I would like to thank Net Galley and Bookouture for the ARC of ‘A Mother’s Secret’ by Renita D’Silva in exchange for my review.
Jaya is a young woman who has suffered great loss in a short space of time. Struggling to come to terms with the death of both her mother, Sudha, and son, and with her marriage under great strain, she seeks help from a bereavement counsellor, who encourages her to start to go through her mother’s belongings for the answers she seeks about why her mother was so distant and why she would tell her nothing of her past or her father. When Jaya finds two diaries along with pictures of a happy smiling boy and a family that Jaya doesn’t recognise she begins to realise that there was a reason her mother was so withdrawn and that there was far more to the woman who raised her than she knew. Much of her history is told in her mother’s voice as Jaya reads through the diaries which hold the key to her past.
In India, a young girl named Durga is sent to live with her grandmother following a tragic accident which leaves both of her parents in a coma. Durga has never met her Grandmother, a large rift existing between her and Durga’s mother following her grandmother’s disapproval of Durga’s father. All she knows of the woman is that she lives in a grand ruin of a house in Gaddehalli. The house is reported to be cursed and haunted, with rumours abound that tragedy befalls all male members of the household, the reasons for the belief becoming clearer as the story gradually unfolds.
Within the house live Durga’s Grandmother, Sumathi, long ago a servant who lived and worked in the old mansion, and Kali, former servant and then Mistress of the mansion, a woman who’s past is told through a series of flashbacks as her tortured mind draws her away from the tragedy of her present to a happier time, from her first love to the birth of her first child and her quest to become the wife of the heir to the mansion. Kali is a flawed character, but one who pays the ultimate price with the loss of her love, her family and her sanity. Durga’s arrival at the house triggers something in Kali and they form a tight little friendship, and it is through a conversation between the pair that Durga learns about Kali’s daughter in law, a woman believed to have perished in the fire which ruined the house. Durga convinces her grandmother to contact the family solicitor and to hunt down the missing woman in the hope that it can bring Kali some kind of peace after all the years of hurt she has endured.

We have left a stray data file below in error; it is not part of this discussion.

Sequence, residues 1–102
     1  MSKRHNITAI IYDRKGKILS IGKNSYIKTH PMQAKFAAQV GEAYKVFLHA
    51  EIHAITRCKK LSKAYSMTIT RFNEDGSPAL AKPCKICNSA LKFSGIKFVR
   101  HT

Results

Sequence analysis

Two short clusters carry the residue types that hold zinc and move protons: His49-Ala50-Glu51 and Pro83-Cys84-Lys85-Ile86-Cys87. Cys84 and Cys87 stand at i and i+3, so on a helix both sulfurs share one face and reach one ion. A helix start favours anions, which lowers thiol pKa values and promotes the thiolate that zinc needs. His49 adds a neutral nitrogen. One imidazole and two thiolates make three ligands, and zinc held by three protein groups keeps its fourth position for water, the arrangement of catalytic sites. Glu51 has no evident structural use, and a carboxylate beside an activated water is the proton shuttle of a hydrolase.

This is a beautifully written book, the descriptions so vivid and poetic that they create a clear picture of the village and the painful life that the women of this novel have lived and endured. The characters in this story are truly well developed, their lives laid out in so much detail, that you live their love and losses with them. All of their pasts are tragic in their own way, coloured by loss and pain, and it is the way their lives intersect which forms the basis of the story. There are so many elements to it; greed, envy, love, betrayal, pride and hatred, and they all serve to shape the futures of three very different women. They are woven together so well, alternating between the present in the stories of Jaya and Durga and on occasion Kali, and the past in the diaries of Sudha and the moments where Kali retreats into herself, recalling her past. Four very distinct voices, but the transition from one to the next is seamless. It is impossible not to feel for the women, even Kali who, although motivated by envy, was driven to do what she did by her father’s betrayal and the loss of her first love.
This is a tragically beautiful story, very moving and heart wrenching at times, told so well that it captures the reader and forces you to read on, to will Sudha and Kali to a happier future, even though their fates are inevitable. I highly recommend it.